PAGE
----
Faithful transfer of genetic material is critical for the success of all cell divisions. Yet, as the organism ages this process becomes more error prone, leading to aneuploidic daughter cells due to mis-segregation of chromosomes. This can lead to cancer in mitotic cells, and in the female germline it leads to reduced fertility and an exponential increase in miscarriages and birth defects already at the forth decade of life. In the germline a special kind of cell division, termed meiosis, reduces the chromosome number by half to create the sperm and eggs by two consecutive chromosome segregations. Aberrant segregations, mainly in the first division is the leading cause for naturally occurring miscarriages and congenital defects.
In the Tzur lab we use high resolution microscopy, novel genome editing tools, and transcriptomic analyses to study the intricate chromosome dynamics that enable the faithful segregations. We focus on chromosome remodeling which is a dramatic structural change the chromosomes undergo at the end of prophase I, and facilitate the disjunction of the homologous chromosomes.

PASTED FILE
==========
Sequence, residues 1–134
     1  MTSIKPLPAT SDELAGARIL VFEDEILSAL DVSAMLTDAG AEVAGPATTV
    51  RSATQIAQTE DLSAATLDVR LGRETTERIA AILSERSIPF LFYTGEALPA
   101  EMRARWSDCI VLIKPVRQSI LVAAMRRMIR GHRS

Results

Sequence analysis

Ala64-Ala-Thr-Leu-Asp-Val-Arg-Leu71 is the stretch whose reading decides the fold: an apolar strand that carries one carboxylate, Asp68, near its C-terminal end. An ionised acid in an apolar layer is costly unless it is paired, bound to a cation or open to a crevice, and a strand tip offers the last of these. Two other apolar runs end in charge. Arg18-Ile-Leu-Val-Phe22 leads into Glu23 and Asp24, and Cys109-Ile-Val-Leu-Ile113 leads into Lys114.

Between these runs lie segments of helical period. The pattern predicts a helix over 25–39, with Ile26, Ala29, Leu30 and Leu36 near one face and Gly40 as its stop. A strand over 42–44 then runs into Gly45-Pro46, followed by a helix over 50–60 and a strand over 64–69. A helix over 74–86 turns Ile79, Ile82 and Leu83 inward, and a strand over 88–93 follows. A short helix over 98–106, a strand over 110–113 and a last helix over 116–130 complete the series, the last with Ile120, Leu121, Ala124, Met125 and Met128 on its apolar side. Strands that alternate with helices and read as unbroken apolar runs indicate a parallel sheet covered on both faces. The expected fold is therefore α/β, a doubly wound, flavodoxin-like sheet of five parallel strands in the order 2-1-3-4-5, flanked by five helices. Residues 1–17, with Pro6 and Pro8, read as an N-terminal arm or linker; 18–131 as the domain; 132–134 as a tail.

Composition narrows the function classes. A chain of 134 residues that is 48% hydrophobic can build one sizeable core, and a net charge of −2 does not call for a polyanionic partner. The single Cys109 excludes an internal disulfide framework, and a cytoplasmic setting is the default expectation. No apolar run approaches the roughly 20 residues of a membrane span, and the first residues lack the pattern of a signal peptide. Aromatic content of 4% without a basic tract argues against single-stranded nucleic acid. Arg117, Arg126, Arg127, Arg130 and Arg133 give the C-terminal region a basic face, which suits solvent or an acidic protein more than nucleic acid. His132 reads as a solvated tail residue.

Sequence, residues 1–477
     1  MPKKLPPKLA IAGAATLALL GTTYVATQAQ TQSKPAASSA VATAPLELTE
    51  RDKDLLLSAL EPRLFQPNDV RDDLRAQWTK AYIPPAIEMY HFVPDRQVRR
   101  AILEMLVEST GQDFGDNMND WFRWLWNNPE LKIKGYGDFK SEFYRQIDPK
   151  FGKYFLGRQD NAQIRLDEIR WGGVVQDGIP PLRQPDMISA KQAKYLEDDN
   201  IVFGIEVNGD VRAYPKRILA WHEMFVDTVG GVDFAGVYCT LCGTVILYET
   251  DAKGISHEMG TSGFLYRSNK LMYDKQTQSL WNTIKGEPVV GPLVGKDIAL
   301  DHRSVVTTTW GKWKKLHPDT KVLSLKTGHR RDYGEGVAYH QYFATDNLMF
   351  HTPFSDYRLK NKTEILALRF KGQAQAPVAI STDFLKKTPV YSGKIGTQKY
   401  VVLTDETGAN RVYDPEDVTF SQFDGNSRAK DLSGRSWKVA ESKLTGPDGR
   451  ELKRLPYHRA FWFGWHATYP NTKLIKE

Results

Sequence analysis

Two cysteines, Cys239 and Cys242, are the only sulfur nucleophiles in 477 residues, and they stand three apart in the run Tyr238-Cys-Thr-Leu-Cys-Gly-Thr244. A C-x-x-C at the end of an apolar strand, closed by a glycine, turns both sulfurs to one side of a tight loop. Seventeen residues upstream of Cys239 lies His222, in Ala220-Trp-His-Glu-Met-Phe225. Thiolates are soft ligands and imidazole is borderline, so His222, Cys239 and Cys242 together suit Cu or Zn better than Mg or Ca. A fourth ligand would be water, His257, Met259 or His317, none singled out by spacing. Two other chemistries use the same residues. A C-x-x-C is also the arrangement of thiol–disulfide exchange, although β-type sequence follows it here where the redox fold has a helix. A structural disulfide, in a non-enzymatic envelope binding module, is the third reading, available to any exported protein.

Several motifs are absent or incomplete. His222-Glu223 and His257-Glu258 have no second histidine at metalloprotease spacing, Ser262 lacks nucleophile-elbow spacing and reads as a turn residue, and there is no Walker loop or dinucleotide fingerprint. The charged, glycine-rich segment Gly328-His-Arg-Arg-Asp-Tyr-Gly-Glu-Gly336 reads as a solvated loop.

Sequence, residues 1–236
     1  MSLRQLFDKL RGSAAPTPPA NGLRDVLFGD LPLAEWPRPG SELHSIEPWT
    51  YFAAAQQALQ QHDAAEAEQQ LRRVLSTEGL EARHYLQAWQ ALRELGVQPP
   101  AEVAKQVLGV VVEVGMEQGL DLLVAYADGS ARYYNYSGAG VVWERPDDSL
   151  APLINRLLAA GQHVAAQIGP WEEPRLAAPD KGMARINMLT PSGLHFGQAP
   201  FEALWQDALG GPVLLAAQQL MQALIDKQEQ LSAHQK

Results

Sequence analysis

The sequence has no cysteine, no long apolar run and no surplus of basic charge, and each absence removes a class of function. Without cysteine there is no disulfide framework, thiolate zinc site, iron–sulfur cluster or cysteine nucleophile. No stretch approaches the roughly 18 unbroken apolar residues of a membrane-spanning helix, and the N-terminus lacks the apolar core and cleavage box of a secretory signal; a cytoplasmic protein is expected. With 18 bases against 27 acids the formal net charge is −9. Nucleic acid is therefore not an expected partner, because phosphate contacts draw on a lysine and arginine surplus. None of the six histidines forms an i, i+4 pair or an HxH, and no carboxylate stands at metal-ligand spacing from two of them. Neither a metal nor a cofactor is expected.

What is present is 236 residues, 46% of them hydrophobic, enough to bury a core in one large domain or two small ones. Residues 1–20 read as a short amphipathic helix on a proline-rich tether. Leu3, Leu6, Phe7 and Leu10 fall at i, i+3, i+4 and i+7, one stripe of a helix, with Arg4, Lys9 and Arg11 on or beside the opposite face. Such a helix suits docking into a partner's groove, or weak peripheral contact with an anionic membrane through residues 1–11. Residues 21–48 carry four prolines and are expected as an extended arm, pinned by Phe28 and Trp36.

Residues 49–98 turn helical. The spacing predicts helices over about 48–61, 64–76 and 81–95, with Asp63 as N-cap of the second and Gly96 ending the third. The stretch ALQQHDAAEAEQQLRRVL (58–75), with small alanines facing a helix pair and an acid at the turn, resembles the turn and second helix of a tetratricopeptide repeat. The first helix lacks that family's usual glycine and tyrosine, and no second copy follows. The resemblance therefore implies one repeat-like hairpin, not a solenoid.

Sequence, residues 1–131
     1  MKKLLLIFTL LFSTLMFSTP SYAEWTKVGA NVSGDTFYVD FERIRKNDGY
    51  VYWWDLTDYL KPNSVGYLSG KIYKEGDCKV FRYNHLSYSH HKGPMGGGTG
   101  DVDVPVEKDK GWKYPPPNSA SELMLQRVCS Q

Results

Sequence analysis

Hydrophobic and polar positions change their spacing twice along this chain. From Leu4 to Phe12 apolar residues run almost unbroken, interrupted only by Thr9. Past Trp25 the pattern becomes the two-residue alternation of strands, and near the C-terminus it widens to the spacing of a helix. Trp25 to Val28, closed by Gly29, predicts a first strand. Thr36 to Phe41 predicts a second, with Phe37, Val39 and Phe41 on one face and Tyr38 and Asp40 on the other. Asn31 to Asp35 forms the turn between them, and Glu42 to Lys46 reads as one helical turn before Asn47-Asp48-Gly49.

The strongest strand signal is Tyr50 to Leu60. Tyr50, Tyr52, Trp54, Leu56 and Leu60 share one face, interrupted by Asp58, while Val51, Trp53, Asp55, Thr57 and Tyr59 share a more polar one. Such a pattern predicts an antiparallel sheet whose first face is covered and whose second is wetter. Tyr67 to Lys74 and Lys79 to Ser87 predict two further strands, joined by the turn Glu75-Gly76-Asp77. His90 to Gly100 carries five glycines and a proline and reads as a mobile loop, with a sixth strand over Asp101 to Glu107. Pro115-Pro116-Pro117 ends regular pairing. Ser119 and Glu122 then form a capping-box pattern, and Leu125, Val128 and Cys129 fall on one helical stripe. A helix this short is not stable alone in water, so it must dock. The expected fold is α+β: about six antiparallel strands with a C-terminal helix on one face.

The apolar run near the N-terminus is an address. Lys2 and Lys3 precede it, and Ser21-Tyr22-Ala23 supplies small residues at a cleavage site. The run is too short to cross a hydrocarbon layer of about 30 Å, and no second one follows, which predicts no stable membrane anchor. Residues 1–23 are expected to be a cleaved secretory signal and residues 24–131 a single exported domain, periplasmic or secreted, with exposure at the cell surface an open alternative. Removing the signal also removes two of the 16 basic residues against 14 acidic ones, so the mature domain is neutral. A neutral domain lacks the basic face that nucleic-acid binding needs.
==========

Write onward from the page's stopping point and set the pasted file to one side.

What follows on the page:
In our research we use the round worm Caenorhabditis elegans as a model organism. One of the many advantages of using C. elegans for meiotic studies is its transparent cuticle, thus we look at the meiotic processes as it progresses in a live eukaryote organism.